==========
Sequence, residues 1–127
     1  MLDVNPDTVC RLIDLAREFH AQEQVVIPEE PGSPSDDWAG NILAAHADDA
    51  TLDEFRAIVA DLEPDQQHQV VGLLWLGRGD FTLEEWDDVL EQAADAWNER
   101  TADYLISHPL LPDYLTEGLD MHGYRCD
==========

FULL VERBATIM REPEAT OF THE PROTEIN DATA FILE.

Sequence, residues 1–127
     1  MLDVNPDTVC RLIDLAREFH AQEQVVIPEE PGSPSDDWAG NILAAHADDA
    51  TLDEFRAIVA DLEPDQQHQV VGLLWLGRGD FTLEEWDDVL EQAADAWNER
   101  TADYLISHPL LPDYLTEGLD MHGYRCD